The European Commission is also determined to act as a front-runner in the transition towards a sustainable society, which is why it has recently set out an ambitious plan to become a climate-neutral institution by 2030. Every aspect is undergoing a green overhaul, from greener buildings to smarter mobility, to reducing IT infrastructures' greenhouse gas emissions.
Scientists and researchers of the Joint Research Centre (JRC) can help to bolster this mission. But how can behavioural insights propel more sustainable mobility practices among Commission employees?
The EU Policy Lab has recently unveiled an exciting new project with the Living Lab for testing Digital Energy Solutions. The idea is simple yet powerful: decipher the behaviours and choices of electric vehicle (EV) owners when presented with different incentive schemes at workplace charging stations. The main goal? A European Commission powered by sustainable mobility.
The PRISM charging station: where innovation meets sustainability
The PRISM charging station at the JRC is the backbone of this project. It is an avant-garde charging facility housing multiple charging points. These stations are open to all JRC employees to charge their electric vehicles conveniently, and in return, they become research hotspots. Anonymised data is collected about users’ charging behaviours, helping us paint a picture of the adoption and usage of electric vehicles in our workplace.
Towards a Sustainable European Commission: spotlight on mobility
As we navigate through an era towards sustainable mobility solutions, it is crucial to ensure that EV charging stations are used efficiently and fairly. To address this challenge, the study aims to inspect a variety of configurations of a credit-based reward system for users of the PRISM charging stations.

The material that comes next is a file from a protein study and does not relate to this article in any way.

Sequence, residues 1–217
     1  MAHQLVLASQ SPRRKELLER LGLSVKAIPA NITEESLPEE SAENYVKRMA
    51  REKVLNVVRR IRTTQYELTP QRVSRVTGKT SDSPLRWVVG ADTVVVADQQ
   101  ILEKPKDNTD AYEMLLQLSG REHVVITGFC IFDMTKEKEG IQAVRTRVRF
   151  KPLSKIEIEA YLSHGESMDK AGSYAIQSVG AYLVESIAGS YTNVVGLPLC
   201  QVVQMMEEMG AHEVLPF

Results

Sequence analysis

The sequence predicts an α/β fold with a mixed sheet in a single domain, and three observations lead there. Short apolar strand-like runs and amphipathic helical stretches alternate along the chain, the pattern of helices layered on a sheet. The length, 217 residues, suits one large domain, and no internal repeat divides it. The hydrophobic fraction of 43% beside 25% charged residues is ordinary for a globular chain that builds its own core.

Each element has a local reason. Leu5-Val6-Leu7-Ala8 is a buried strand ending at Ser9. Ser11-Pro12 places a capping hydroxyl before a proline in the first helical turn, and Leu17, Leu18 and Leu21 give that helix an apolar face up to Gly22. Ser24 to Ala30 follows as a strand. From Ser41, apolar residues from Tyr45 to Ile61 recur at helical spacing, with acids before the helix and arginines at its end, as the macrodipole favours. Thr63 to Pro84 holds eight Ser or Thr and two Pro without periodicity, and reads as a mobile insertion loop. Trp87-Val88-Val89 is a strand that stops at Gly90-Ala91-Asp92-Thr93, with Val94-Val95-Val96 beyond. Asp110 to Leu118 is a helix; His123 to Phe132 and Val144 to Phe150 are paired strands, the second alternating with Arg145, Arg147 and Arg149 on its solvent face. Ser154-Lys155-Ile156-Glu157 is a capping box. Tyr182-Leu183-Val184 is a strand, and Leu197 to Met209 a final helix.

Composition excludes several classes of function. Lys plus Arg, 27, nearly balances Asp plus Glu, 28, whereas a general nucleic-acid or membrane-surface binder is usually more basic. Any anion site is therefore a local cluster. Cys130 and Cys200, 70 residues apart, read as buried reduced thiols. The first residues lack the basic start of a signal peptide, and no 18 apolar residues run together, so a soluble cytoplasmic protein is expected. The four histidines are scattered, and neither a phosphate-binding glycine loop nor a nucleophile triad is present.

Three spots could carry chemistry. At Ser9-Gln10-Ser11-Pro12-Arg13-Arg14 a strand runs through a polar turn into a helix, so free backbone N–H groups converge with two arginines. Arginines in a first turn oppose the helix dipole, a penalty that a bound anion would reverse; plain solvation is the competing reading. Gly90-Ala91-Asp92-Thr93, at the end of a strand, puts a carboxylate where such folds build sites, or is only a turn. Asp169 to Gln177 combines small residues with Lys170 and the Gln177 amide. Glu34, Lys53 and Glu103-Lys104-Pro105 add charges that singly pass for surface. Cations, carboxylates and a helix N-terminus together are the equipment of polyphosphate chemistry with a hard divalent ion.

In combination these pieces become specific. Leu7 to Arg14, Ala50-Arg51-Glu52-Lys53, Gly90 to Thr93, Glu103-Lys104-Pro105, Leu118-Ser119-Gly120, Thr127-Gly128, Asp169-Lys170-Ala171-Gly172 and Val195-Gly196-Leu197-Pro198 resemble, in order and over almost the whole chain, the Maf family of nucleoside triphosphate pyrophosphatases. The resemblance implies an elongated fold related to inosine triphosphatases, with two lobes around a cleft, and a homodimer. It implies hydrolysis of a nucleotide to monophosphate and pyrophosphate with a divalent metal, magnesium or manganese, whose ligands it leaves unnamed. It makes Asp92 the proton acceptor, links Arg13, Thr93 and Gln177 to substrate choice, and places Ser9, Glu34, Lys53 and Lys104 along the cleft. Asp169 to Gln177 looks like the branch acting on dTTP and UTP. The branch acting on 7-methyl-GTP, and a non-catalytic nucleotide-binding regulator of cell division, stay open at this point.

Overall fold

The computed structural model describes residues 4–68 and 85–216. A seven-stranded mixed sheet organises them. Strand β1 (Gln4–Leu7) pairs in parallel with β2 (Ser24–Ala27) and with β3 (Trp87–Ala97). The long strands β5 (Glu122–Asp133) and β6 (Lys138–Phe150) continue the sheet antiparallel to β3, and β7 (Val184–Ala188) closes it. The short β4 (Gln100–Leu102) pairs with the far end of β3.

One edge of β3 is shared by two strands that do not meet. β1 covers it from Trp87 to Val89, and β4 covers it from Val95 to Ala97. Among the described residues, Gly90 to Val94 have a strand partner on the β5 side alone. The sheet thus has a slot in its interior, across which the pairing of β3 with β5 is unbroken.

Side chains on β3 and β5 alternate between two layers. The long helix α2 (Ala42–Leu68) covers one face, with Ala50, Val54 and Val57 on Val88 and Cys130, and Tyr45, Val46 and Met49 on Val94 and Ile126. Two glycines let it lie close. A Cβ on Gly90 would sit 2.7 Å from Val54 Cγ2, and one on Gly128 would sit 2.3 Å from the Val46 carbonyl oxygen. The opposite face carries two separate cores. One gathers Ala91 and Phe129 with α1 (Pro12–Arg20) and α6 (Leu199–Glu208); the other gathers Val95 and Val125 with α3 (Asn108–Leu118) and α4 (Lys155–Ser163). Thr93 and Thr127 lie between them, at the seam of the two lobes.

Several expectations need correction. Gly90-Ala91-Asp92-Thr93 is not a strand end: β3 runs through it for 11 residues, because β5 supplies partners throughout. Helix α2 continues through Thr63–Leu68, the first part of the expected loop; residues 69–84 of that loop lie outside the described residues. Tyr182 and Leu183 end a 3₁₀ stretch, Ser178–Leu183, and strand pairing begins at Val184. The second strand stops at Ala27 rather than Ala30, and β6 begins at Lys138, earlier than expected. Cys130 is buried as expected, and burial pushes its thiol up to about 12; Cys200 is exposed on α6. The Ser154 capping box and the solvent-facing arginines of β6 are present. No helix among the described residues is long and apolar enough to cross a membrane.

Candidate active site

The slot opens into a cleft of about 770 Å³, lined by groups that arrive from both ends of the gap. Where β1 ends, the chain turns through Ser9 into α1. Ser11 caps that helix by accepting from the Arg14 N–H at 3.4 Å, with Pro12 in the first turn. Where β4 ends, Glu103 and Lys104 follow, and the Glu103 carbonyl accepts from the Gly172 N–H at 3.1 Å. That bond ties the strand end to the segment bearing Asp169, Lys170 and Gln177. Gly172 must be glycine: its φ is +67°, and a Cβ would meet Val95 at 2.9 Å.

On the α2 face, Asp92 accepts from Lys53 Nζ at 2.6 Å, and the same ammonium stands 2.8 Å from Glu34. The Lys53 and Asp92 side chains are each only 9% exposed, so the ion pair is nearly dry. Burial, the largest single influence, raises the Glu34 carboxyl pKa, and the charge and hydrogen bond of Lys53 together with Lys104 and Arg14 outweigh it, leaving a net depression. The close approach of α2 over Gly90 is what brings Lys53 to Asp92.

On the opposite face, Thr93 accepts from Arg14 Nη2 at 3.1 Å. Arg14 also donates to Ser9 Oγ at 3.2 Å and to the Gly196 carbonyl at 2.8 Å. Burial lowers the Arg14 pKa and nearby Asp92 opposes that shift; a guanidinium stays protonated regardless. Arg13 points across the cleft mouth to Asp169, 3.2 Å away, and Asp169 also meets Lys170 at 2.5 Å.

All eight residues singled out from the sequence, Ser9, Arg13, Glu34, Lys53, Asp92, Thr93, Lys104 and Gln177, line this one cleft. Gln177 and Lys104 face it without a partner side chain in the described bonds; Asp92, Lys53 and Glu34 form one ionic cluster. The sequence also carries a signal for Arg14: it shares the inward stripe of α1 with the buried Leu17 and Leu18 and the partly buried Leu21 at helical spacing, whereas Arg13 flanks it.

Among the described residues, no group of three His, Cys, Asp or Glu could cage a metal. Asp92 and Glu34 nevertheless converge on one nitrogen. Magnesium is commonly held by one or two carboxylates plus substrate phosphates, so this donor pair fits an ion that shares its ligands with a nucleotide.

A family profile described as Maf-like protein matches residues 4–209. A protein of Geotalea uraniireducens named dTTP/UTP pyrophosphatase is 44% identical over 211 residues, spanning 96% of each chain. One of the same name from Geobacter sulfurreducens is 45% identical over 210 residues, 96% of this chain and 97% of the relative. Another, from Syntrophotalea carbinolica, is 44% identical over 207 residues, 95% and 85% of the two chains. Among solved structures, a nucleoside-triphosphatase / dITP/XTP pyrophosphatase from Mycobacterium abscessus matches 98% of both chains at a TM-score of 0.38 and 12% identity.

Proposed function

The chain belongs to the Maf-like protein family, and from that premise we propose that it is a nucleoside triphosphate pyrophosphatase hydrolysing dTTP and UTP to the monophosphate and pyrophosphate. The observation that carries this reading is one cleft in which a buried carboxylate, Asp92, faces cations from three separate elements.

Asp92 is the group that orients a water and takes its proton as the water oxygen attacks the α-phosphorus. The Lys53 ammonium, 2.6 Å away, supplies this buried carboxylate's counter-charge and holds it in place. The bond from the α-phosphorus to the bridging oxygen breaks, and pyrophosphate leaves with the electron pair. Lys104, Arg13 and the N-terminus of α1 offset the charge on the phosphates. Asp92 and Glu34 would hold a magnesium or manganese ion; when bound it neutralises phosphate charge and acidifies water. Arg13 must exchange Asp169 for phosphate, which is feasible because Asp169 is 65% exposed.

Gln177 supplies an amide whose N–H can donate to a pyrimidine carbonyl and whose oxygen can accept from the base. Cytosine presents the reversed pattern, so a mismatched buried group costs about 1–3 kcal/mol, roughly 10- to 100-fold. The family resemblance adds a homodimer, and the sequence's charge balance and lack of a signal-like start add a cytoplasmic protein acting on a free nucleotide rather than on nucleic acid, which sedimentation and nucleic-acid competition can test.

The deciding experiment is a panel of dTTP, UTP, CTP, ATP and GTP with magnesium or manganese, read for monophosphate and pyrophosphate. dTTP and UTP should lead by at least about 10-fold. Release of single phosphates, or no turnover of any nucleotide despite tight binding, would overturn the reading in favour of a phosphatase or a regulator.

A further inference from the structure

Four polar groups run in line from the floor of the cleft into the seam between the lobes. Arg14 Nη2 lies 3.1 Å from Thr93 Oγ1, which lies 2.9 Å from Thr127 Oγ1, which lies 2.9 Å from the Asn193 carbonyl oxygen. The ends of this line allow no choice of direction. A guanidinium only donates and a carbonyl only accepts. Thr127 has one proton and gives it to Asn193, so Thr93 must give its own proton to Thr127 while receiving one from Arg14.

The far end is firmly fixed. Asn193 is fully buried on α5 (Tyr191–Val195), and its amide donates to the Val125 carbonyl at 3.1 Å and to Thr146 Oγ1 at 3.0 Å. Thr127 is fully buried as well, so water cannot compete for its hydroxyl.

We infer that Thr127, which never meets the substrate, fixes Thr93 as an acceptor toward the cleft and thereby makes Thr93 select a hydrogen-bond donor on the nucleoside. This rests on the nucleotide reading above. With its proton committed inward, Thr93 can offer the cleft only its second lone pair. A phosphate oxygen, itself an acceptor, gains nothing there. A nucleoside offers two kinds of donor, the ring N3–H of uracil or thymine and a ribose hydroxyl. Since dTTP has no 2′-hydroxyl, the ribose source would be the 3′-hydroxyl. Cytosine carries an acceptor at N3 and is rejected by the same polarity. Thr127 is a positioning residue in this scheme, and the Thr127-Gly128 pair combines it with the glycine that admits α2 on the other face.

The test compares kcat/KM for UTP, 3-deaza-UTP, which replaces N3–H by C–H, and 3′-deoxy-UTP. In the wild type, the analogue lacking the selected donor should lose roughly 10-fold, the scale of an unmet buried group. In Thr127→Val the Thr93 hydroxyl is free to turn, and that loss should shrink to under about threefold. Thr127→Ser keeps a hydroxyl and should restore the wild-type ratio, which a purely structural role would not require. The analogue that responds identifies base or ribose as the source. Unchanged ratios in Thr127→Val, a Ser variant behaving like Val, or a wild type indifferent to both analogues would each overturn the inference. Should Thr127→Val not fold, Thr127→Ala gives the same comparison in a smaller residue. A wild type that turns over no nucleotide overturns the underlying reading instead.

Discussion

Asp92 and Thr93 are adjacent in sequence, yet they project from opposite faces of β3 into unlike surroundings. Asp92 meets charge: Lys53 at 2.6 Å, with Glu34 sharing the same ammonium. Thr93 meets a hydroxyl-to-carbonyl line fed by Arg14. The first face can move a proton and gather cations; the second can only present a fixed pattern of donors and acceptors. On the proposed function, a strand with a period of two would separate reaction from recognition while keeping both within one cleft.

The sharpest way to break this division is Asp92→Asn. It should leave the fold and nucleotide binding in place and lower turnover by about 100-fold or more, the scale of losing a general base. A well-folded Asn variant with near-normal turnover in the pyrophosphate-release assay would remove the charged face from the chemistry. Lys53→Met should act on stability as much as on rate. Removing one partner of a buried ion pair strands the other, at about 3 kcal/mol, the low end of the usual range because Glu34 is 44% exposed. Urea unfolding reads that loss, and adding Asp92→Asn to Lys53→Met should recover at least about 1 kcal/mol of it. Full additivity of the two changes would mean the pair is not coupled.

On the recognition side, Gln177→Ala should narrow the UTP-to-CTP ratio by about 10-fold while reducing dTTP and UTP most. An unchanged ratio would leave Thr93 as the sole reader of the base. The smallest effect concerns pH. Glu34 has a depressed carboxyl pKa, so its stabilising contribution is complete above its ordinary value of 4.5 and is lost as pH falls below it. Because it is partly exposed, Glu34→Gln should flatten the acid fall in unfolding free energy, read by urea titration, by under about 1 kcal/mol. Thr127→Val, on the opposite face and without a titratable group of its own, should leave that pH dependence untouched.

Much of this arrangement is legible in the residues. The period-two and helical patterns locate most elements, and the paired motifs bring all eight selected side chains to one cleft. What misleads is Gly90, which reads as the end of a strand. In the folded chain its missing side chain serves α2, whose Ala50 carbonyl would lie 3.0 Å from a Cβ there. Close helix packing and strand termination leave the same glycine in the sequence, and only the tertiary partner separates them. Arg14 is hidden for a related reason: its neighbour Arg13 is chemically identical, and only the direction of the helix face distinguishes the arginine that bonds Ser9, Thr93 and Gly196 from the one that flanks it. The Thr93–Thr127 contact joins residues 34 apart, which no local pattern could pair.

Three objectives drive our experiment:
- Behavioural Insights: We are driven to understand the impact of varying incentive structures on the charging behaviours of EV owners. By observing user reactions, we can identify patterns and trends that will inform future policy decisions.
- User Preferences: We are all ears for the preferences of EV owners. This study helps identify the incentive schemes that resonate most with our users, potentially serving as a model for other workplaces and public charging infrastructure.
- Integration of Electric Vehicles: As electric vehicles become integral to our daily commutes, we are determined to ensure that our workplace charging infrastructure keeps pace with evolving mobility needs. This experiment will help us fine-tune our charging station policies to boost EV integration.
How will the experiment be performed?
The experiment will test different credit configurations, including time-based credits, energy-based credits, and a combination of the two. We will keep a close eye on usage, charging frequency, and user satisfaction throughout the study.
To find out what really works, we will randomly divide participants into different groups to ensure the test is fair and unbiased, as in one of the most trusted methods called randomised control trial. This way, we can be more certain that any differences in the end are a result of the specific credit configuration and not because one group started out different from the other.
So, what is next?
This study is a significant step forward in our mission to promote sustainable mobility solutions within the European Commission. The data and insights from this experiment will benefit our workplace and contribute to the broader understanding of EV adoption and charging behaviours.
- Publication date
- 28 September 2023
- Joint Research Centre
- EU Policy Lab tags
- Behavioral insights